In 1992 Congress enacted legislation that opened up the market for energy in an effort to increase competition. This legislation led Rogers to negotiate a merger, which was announced in 1992 and took place in 1993, with Cincinnati Gas and Electric Company. The new company was called Cinergy. Rogers was named as the company's vice chairman and president. Jackson H. Randolph, formerly the chairman, CEO, and president of Cincinnati Gas, was named chairman and chief executive.
The move to form Cinergy allowed the two companies to reduce their costs. PSI anticipated a $1.2 billion construction project that was necessary to ensure compliance with federal law. The move also improved the merged company's ability to compete in a more open marketplace. In 1992 Rogers noted, "From a strategic standpoint, we see change starting to sweep through our industry, eventually resulting in fundamental transformation" ( New York Times , December 15, 1992).
Cinergy remained the only utility company in the United States that voluntarily allowed industrial customers to shop for their power. Rogers maintained that the reasoning behind this strategy was anticipation of future competition. In an interview with the New York Times in 1994, Rogers pondered, "How do you convince a customer that you are the best choice for their electric supplier if you fought until the last dog was dead to keep out competitors?" (November 13, 1994). The strategy earned Rogers respect among his colleagues. According to Stanley T. Skinner, the president and chief executive officer of Pacific Gas and Electric, "Rather than resist the approaching change, or try to stuff the genie back in the bottle, [Rogers] is using his energy to dramatically reshape the way his company will do business. The customer is going to be relentless in pushing open markets" ( New York Times , November 13, 1994).
Rogers became chief executive officer in 1995 and later became chairman when Randolph retired in 2000. Cinergy's first 10 years, as Rogers announced in 2004, were quite successful. The company grew at an average annual rate of 4 to 6 percent during its first 10 years. Shareholders received 191 percent in returns, including about $1 billion in dividends, between 1994 and 2004. The company was able to reduce emissions of sulfur dioxide by 50 percent as well as to decrease nitrous dioxide emissions by 40 percent.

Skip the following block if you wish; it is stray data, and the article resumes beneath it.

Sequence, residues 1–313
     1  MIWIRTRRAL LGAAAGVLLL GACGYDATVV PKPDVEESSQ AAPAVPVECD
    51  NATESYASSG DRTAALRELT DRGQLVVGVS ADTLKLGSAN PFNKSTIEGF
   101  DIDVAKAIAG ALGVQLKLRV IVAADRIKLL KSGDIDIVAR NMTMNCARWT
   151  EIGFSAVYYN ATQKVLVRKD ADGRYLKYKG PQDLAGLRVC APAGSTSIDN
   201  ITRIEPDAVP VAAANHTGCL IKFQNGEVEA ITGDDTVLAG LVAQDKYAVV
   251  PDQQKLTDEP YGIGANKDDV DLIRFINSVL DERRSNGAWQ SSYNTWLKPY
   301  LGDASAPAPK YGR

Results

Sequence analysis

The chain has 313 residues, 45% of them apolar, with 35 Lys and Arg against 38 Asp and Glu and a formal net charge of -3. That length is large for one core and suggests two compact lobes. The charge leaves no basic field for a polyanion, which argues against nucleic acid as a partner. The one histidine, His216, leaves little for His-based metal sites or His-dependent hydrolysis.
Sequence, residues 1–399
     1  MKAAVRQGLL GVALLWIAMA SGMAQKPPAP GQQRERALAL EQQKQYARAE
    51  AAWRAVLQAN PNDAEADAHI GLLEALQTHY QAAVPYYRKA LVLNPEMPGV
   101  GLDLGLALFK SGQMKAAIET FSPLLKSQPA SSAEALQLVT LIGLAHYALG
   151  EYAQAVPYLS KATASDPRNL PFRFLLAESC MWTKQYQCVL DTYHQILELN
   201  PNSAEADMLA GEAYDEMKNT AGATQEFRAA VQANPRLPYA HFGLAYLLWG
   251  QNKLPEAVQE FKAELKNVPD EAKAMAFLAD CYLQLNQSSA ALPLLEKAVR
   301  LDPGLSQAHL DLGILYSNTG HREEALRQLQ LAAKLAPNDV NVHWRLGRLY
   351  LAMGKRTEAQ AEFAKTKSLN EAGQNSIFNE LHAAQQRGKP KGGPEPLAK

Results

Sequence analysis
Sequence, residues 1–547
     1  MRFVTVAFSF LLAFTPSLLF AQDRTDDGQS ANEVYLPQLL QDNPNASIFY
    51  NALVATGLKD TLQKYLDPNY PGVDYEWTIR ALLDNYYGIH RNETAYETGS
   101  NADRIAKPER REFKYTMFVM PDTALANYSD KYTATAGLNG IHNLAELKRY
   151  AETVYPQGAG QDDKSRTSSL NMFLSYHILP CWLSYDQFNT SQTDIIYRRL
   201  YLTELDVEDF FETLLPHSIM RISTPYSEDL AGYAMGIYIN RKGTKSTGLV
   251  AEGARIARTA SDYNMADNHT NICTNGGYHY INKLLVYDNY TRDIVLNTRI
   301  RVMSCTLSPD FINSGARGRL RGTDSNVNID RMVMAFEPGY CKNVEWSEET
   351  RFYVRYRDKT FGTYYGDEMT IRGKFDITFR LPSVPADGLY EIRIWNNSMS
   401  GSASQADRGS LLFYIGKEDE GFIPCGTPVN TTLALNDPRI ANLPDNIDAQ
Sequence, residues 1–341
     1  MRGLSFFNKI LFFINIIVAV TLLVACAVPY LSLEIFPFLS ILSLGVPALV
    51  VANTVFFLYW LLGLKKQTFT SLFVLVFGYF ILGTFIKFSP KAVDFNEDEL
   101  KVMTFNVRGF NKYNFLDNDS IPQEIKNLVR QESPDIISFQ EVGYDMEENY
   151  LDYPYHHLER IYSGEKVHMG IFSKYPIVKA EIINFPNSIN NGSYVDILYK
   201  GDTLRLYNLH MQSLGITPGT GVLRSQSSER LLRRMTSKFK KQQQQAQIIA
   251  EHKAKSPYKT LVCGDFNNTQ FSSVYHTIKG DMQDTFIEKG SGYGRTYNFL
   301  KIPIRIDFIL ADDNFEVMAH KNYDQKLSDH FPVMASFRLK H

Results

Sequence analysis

Because Rogers spent several years enforcing environmental regulations, his role as head of a major utility company was sometimes unusual. He spoke at hearings before congressional committees more than a dozen times, often advocating for limits to be placed on emissions. He told the New York Times in 2003, "Having been on many sides of the issue gives me a unique perspective. My whole career has been predicated on making common cause with other groups" (July 6, 2003). Even those who were often critical of utility companies showed their admiration for Rogers. "He's one of a new breed of utility executives," David G. Hawkins of the National Resources Defense Council, a New York environmental group, said of Rogers ( New York Times , July 6, 2003).
Although the company pledged to reduce carbon dioxide emissions, it was still targeted as one of the nation's largest pollutants. Cinergy's plants burned an estimated 30 million tons of coal annually, prompting some of its shareholders to include the company within the so-called "Filthy Five," referring to top utility companies that produced high levels of carbon dioxide emissions. Rogers personally supported limitations on carbon dioxide emissions in testimony before a congressional committee in 2001 but later reversed his stance. He continued, however, to support legislation that would reduce emissions of sulfur dioxide, nitrogen oxide, and mercury—a position that was consistent with proposals introduced by the administration of President George W. Bush.
Rogers was highly active in industry, educational, and civic organizations. In addition to his responsibilities at Cinergy, Rogers served as director of First Bancorp and Fifth Third Bank as well as Duke Realty Corporation. He also served on the board of directors for Edison Electric Institute, the Indiana chapter of the Nature Conservancy, and the Cincinnati Museum Association. He was a founding member of the University of Kentucky Business Partnership Foundation and served as a trustee of the National Symphony Orchestra.
In 1991 Rogers received an honorary doctor of law degree from Indiana State University. He was later inducted into the University of Kentucky College of Business and Economics Hall of Fame in 1994. He was also listed among "America's Most Powerful People" by Forbes magazine.
Boyer, Mike, "Cinergy Plans to Think 'BIG,'" Cincinnati Enquirer , May 5, 2004.
"Cinergy Energy Chief James Rogers Speaks His Mind," Industrialinfo.com , April 8, 2004, http://www.industrialinfo.com/ .
"Cinergy's Rogers Laments Midwest RTO Scene, But PJM Chief Says It Has Imposed 'Discipline,'" Electric Utility Week , April 5, 2004, p. 5.
Cortese, Amy, "From Green Knight to Utility King," New York Times , July 6, 2003.
Golden, Mark, "Cinergy CEO: Regulatory Uncertainty Good for Earnings," Dow Jones International News, February 13, 2004.
Newberry, Jon, "Cinergy Boss Cites Gains, Challenges," Cincinnati Post , May 5, 2004.
Salpukas, Agis, "Utility Competition Is Coming! (He's Ready, of Course)," New York Times , November 13, 1994.
Wald, Matthew L., "Cincinnati Utility to Merge with Indiana Counterpart," New York Times , December 15, 1992.
—Matthew C. Cordon